Not many people disagree with my argument that all the time we need to burn or use gas as a feedstock it makes more sense to use gas from nearby from our own gasfields than to transport it miles across the oceans of the world in an LNG carrier or to draw on continental supplies that also depend on Russia.
I do get asked how realistic this is, given the way the North Sea is running down. It is true that recent years have not seen the same huge discoveries the drillers discovered in the earlier years of the development of this great resource. It would be wrong to say there is no new gas to find or to produce. Recent years have seen important discoveries made. The Jackdaw field is a substantial find which is ready to develop, with gas pipes running nearby and the Shearwater platform with available capacity to process the raw output.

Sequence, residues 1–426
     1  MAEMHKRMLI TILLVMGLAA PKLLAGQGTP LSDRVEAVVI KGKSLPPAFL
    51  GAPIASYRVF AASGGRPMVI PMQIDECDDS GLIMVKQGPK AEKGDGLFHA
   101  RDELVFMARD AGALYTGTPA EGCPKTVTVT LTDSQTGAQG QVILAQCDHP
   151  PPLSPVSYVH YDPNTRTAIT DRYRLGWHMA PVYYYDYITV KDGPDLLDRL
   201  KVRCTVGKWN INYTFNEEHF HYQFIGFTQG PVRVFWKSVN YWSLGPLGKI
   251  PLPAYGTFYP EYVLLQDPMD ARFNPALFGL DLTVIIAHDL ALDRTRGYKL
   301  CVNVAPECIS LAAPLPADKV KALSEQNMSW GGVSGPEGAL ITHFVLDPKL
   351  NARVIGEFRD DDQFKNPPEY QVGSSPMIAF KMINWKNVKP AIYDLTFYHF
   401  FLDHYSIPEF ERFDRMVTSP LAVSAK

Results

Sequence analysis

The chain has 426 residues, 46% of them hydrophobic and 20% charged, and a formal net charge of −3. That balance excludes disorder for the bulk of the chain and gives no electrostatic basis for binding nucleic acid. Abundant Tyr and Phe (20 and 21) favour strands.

There is a potential upgrade of Goddard in the southern North Sea, and development of Lancaster as an extension to Hurricane. There are the Glengorm and Glendronach finds west of Shetlands. In total the Oil and Gas Authority tells us over the last three years the industry found an additional 500m barrels of oil equivalent between oil, gas and gas liquids. That was with much reduced drilling.
On top of this is the more contentious issue of the Bowland shales in northern England. So little drilling has been allowed there that estimates of how much gas is available range from a very useful 2.7 trillion cm to a massive and game changing 37.6tcm.
The Conservative Manifesto promised “to introduce new measures to reduce (energy) bills”. Encouraging and permitting more exploration and development wells in the North Sea would be a way of helping do this, which would also create plenty of new well paid UK jobs and save all those LNG carbon generating miles of travel.